South on the Icefields Parkway
July 27, 2009
We had a pleasant journey down the Icefields Parkway through lushly forested valleys along the Athabasca River near Jasper. Further south we started seeing glaciers up on the mountains.
Just a few miles south of Jasper we began to travel along the shore of the wide Athabasca River with nice mountain views.
The Athabasca River was very swift. We had considered canoeing in it, but noticed that no one else was doing it! Everyone was in rafts with survival gear.
The inspiring mountain scenery kept changing and we began to get more snow up on the mountains.
I loved the lush green forests that climbed up the flanks of the mountains.
This was my favorite viewpoint along this road. Beautiful glaciers, lush forest, the interesting broad glacial river, mountain streams - it had it all. We spent a few minutes there taking pictures and just drinking in the scenery.
Mark and Jeff climb up for a closer communion with this nice waterfall that fell in several cascades down the mountain.
Below, Jordan, Ashleigh and Elyse at the base of these dramatic falls. Jeff climbs up to stand by a higher cascade.
We are headed down the mountain on our approach to the region of the Columbia Icefield. The large icefield covers the tops of several mountains in the area.
The Sunwapta River originates at the Athabasca Glacier and flows northward. Here it is a wide, braided glacial river with lots of gravel bars in it.
These high snow walls on top of the ridges were some of the most fascinating things I saw. The above view puts them in context above the braided Sunwapta River.
Above is our view of the base of the Athabasca Glacier, the glacier onto which we took the bus tour last year. One of the tour buses can be seen as a tiny speck near the left of the ice.
At right is a view of part of the ice field up on one of the mountains, and you can see an ordinary bus taking folks along a gravel road to the station where they board the ice vehicles. A little lower you can see a smaller gravel road which we were to take to the lower parking lot from which we walked up to the glacier's edge.
We reached the base of the glacier and had fully intended to hike out onto it since we had seen the groups like that one in the distance. But we were not allowed onto the ice - the groups we saw were guided tours. They had a posted story of an eight-year old boy who had died when a crevass opened up under him.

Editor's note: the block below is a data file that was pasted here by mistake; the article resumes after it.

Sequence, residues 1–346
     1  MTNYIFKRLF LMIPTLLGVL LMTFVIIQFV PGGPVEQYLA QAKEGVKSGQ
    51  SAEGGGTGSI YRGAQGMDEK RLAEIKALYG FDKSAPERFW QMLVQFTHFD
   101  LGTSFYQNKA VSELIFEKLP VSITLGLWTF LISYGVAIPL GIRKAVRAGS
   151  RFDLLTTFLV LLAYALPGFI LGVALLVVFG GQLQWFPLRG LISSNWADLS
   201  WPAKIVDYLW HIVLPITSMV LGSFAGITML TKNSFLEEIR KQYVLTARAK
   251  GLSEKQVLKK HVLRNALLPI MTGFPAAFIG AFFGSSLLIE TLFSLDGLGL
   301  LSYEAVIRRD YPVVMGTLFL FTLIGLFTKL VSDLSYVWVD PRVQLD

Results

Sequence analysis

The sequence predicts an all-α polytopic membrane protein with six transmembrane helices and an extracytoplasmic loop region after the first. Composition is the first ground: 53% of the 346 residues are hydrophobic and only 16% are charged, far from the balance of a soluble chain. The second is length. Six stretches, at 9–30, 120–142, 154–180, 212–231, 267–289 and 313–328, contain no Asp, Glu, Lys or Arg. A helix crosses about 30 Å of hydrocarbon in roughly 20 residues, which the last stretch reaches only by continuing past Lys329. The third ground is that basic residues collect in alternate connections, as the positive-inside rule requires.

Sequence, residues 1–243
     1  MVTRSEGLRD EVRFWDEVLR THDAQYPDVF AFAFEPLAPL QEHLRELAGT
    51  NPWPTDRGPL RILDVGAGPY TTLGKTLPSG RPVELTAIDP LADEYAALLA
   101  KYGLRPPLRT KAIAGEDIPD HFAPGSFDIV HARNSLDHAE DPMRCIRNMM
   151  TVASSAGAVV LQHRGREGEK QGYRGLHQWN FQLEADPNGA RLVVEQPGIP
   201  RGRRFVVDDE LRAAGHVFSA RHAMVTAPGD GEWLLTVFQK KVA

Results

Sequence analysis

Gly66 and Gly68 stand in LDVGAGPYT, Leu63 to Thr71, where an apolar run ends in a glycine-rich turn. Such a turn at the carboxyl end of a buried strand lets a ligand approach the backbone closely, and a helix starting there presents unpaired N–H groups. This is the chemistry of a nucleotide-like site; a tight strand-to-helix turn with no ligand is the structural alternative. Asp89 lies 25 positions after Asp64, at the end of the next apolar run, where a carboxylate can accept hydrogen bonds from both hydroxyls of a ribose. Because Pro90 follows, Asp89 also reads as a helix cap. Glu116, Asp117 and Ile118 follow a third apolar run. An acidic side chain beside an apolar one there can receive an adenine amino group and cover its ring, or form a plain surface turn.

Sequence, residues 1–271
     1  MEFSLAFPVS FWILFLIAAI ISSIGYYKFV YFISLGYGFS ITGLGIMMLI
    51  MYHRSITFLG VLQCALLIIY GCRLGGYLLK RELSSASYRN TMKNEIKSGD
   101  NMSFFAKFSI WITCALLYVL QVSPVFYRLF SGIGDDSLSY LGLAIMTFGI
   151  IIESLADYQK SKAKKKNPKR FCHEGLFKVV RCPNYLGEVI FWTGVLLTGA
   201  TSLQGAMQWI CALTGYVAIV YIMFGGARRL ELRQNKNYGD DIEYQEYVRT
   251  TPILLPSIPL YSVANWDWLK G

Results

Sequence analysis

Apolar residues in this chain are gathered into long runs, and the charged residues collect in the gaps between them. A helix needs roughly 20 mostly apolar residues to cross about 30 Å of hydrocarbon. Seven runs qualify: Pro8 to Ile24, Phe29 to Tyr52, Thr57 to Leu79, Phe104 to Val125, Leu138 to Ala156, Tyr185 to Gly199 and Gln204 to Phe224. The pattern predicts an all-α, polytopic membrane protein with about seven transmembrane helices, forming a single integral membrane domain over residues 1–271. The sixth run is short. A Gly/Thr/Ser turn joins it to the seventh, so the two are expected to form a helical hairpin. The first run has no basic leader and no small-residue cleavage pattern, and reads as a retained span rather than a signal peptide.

There is not much beauty about the foot of a glacier, but there were some interesting things to see. At left is the stream that becomes the Sunwapta River flowing out from under the foot of the glacier. So we saw the origin of a river, and the source of some of the instability of the lower part of the glacier - you could break through and fall into the underground stream. Below is a small meltwater stream of clear water flowing over the dirty ice of the glacier base.
For beauty you had to look up.
We headed back northward toward Jasper and again found the beauty breathtaking. You don't tire of this kind of mountain scenery.
We cruised along this beautifully engineered road. On the right of us here is a continuous rock ridge that ran for miles. It was appropriately named "Endless Chain Ridge".
On the way back north we stopped for lunch at Bubbling Springs, which had a nice picnic area.
We puzzled over the small bubbling spring, which had a pool about 10ft in diameter, and no other indication of a stream or any other source around it. There were several bubbling sources at the bottom of the crystal clear pool, and when a bubble would rise to the top it would produce a nice circular ripple propagating away from it.
You can see about six areas on the bottom of the pool where bubbles would form. From the looks of the bottom, there was probably some mineral content that was being gradually deposited, but the pool looked crystal clear.
After lunch we proceeded a short distance north to Sunwapta Falls.